Health Innovation Roundtable: A Recap
As part of Cisco Live Melbourne, the Health Innovation Roundtable was established to bring together representatives from more than 20 hospitals in Australia, drawing on a broad range of roles including board members, CIOs, clinicians and administrative leads.
The discussion was focused on the scale, pace and nature of innovation in the care delivery processes in Australian hospitals. In particular, it looked at a clear innovation paradox in healthcare, where rapidly escalating cost and demand have not had the transformational effect on process that has been observed in other industries. This is particularly puzzling in a space where innovation in pharmaceuticals, diagnostics and clinical techniques accelerates at a blinding pace.
The conversation centered around:
- The recent acceleration in interest around innovation and the enablers that would lead to the sustained growth in innovation practice
- The management of innovation
- The importance of the information infrastructure in delivering the supporting capabilities for process innovation within healthcare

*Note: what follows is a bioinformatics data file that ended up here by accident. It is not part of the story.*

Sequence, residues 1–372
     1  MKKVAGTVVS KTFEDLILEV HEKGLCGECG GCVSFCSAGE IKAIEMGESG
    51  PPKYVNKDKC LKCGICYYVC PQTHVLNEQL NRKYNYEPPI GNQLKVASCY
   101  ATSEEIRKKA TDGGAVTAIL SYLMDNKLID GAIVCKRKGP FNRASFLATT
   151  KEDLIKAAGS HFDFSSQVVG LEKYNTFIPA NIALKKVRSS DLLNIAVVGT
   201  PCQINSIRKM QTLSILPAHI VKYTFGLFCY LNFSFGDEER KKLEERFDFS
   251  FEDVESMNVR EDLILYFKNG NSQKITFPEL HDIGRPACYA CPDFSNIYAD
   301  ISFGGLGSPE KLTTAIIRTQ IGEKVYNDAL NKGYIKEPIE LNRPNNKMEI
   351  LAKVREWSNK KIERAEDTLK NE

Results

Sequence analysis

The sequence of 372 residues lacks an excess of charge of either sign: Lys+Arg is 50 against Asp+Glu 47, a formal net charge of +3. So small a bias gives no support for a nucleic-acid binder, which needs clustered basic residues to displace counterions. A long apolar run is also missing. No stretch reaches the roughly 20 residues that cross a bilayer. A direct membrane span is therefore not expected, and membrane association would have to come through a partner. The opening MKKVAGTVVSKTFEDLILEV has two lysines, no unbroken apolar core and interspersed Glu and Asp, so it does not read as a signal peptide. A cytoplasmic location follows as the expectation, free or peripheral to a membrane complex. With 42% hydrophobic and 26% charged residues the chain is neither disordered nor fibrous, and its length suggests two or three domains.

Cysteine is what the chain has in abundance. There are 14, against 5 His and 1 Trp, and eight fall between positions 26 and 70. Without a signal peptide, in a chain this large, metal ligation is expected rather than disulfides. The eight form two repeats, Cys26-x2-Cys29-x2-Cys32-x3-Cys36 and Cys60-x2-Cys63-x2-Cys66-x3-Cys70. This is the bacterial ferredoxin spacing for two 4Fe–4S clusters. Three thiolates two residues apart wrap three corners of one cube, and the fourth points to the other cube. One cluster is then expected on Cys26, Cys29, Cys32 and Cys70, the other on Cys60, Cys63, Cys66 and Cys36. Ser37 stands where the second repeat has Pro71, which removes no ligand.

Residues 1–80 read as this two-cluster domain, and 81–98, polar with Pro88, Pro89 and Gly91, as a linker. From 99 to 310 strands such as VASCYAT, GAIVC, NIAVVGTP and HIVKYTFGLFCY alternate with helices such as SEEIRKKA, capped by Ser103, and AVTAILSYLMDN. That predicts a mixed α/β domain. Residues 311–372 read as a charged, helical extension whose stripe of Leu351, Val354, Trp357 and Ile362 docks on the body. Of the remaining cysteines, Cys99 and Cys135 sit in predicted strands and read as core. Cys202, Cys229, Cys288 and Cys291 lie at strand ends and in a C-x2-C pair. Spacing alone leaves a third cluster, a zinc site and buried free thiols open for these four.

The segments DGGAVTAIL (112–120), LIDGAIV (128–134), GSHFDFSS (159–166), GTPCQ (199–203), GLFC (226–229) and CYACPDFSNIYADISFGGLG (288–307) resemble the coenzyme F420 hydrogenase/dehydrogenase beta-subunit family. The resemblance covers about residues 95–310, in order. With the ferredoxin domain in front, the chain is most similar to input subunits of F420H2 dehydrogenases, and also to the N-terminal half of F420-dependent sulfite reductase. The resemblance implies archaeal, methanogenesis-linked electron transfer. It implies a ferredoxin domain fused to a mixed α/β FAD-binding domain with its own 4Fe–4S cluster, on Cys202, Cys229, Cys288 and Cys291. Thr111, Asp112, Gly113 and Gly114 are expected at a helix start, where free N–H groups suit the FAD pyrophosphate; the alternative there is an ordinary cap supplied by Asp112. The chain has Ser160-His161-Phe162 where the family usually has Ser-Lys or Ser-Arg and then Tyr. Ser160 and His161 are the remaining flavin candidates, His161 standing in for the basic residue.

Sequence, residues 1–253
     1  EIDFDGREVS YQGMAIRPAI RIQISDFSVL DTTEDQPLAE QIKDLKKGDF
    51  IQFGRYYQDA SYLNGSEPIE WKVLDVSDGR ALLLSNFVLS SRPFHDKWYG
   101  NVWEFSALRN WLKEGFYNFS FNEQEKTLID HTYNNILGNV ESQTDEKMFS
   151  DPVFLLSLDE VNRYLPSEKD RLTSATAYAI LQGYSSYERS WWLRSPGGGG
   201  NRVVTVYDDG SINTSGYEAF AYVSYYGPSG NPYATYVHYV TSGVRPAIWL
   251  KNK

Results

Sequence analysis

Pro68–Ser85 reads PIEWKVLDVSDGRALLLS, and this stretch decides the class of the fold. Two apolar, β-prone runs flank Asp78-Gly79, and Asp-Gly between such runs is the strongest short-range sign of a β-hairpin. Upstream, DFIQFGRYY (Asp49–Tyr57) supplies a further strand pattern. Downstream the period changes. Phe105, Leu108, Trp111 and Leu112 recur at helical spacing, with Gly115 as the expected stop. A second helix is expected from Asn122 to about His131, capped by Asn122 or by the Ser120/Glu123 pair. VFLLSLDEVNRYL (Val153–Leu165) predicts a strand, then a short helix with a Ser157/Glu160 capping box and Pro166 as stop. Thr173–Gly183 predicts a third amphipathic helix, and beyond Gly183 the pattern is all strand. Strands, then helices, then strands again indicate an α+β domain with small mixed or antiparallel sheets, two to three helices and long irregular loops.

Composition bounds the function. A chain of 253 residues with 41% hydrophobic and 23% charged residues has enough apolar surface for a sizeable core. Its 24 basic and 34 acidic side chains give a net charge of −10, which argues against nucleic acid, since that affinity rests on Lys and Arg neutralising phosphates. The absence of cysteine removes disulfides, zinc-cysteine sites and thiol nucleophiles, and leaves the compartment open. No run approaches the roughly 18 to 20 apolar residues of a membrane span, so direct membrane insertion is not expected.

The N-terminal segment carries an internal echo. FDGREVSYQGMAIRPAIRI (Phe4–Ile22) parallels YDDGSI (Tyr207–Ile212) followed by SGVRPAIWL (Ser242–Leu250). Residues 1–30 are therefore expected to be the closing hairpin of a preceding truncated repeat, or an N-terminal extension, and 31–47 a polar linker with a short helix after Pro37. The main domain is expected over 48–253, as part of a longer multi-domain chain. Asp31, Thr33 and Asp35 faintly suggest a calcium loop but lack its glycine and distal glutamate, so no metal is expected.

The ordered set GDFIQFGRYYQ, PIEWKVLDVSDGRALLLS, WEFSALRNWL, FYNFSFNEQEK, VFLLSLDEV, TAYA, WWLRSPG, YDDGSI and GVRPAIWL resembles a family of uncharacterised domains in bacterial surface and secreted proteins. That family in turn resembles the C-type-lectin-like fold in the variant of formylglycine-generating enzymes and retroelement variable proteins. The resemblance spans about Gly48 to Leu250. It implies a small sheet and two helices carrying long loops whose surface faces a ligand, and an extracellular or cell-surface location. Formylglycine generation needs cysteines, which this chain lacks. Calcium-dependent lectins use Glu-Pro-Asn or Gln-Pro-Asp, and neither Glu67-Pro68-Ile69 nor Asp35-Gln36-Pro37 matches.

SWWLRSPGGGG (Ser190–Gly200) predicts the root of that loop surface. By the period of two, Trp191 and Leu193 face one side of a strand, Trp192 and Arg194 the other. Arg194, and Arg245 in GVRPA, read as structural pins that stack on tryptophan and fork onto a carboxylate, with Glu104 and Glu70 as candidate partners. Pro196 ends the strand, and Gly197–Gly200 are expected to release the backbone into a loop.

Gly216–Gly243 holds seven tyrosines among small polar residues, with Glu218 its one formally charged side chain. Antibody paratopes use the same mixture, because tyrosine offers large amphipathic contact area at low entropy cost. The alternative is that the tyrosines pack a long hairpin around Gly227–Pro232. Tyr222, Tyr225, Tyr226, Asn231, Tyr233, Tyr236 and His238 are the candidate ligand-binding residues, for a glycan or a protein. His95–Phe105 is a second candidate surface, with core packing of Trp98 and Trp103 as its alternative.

These topics were given context through examples of successful innovations from some of Australia’s leading healthcare innovators. Subsequent discussion among the participants expanded on the challenges they encountered and strategies they employed for success.
A central element of this discussion was the need to reduce the risk associated with innovation and shift to smaller more agile projects. These rapid cycle projects must, at the same time, fit as part of a transformational framework for major systems reform. This is the big challenge in healthcare innovation, which is to create a more incremental, lower risk and more affordable approach to major process reform.
The concluding discussion focused on the importance of the social aspect of change, the need to carefully manage their technological, organizational and human dimensions. It is critical to remember that healthcare process innovations are about people and the way they interact with technology; it is a human story that needs to be written in their language.